BOSTON - A mosquito-borne virus known as EEE has killed at least three people in three states.
"Triple E is a serious disease," Dr. Catherine Brown of the Massachusetts Dept. of Public Health told the media. "And our hearts go out to our family and friends of everyone impacted by the disease."
At least three people in three states have died from the mosquito-borne virus, Eastern Equine Encephalitis, also known as EEE.
Massachusetts reported its first death in late August. On Friday, Michigan reported its first. And now Rhode Island is reporting the death of a person in their fifties.
There's usually only about five to ten human cases reported in the U.S. every year, but this year, Massachusetts alone is reporting at least seven cases including a 5-year-old girl who is hospitalized in critical condition.
"This is a disease that can strike people of all ages," says Dr. Brown.
The infection Encephalitis causes swelling of the brain. About 30 percent of people infected with EEE die, and many who survive have ongoing neurologic problems.
There is no vaccine or specific anti-viral treatment for EEE. The best way to prevent infection is to use EPA registered insect repellents, wearing long-sleeved pants and shirts, and taking steps to control mosquitoes in and around your home.
RHINELANDER - 114 colorful flower baskets will soon flood the streets of downtown Rhinelander.
For eight years the master gardeners at Forth Floral have put their effort into making downtown appealing to visitors.
Every April, petunias--one of the easiest flowers to grow and maintain--are picked out by color and grown in the greenhouse.
After that, each basket is displayed in June and watered every day for the rest of the season.
Forth Floral co-owner Ruth Hempel knows the impact the flowers have on people.
"Oh, people just love the hanging baskets. It's just been a real boost, it's good for our community as well as all the visitors that come to town. It just makes downtown a really beautiful place," she said.
A committee works with downtown to fund a campaign to fund the planting and maintenance of the flowers.
As a result of the coronavirus pandemic, the group is struggling to find people to help nurture the plants.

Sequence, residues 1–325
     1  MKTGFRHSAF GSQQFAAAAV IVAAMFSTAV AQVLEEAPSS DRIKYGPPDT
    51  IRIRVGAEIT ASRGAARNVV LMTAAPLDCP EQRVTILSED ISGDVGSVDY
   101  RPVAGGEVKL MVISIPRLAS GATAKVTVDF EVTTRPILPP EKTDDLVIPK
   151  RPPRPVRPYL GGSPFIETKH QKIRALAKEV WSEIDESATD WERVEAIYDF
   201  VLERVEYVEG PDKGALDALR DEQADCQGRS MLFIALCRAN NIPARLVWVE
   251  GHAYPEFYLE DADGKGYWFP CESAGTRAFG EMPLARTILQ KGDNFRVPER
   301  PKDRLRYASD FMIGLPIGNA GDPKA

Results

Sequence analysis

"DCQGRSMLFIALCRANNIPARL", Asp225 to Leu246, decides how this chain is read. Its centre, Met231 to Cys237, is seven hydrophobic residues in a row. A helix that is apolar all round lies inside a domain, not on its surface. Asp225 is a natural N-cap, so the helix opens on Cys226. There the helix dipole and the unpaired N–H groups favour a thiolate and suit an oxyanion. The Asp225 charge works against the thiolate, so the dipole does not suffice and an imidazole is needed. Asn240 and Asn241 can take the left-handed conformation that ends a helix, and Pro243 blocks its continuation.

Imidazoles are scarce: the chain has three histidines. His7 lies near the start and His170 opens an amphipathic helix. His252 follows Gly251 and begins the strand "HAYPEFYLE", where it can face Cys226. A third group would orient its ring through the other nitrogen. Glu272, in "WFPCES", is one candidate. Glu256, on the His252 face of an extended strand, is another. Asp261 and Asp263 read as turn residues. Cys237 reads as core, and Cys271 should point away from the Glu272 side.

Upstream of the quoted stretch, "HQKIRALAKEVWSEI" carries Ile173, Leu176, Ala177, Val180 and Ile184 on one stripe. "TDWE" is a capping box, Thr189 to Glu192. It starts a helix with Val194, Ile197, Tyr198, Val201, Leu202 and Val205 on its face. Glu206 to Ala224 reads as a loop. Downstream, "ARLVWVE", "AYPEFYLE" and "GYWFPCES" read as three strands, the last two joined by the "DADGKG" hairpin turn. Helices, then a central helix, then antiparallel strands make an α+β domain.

MADISON, WI - The Wisconsin Department of Natural Resources is proud to host the 8th annual Wisconsin Free Fun Weekend. Park admission fees, fishing license and trail pass requirements will be waived on June 6-7 to encourage Wisconsinites to take advantage of and enjoy Wisconsin's outdoors.
During Free Fun Weekend June 6-7:
- No state park admission stickers or trail passes are required. - People may fish without a fishing license or trout/salmon stamps. All other fishing regulations apply. - ATV, UTVs, and OHMs are exempt from registration requirements. Resident and non-resident all-terrain vehicle operators do not need a trail pass to ride state ATV trails. - Capacity limits remain in effect at some properties to limit overcrowding. - Visitors are asked to recreate responsibly close to home and practice social distancing.
Before heading to a state park, trail or waterbody near you, here are some additional things to know:
- Residents and non-residents will not be required to have a fishing license or trout/salmon stamps. - All 2020-2021 fishing regulations apply including bag and length limits. - Due to the public health risk, loaner equipment will not be available. Anglers should bring their own equipment and bait. - Only anglers living in the same household (i.e. family members or roommates) should fish within six feet of one another. - Events such as fishing clinics are canceled. - Anglers are encouraged to have a backup plan in the event there is crowding or unsafe conditions where they plan to fish. We encourage everyone to fish safely and responsibly. - Locate launches and shorefishing access points near you.
MADISON, WI - Gov. Tony Evers today announced $75 million in assistance for small businesses as part of the Wisconsin Economic Development Corporation's We're All In initiative, a comprehensive effort to celebrate and help Wisconsin's small businesses get back on their feet and support best practices to keep businesses, consumers, employees and communities safe.
Funded largely by federal dollars received through the Coronavirus Aid, Relief, and Economic Security (CARES) Act, this initiative will provide direct assistance to small businesses most impacted by the duration and restrictions of the COVID-19 pandemic.
These $2,500 cash grants will assist with the costs of business interruption or for health and safety improvements, wages and salaries, rent, mortgages, and inventory. Businesses will be able to apply for grant assistance in early June.
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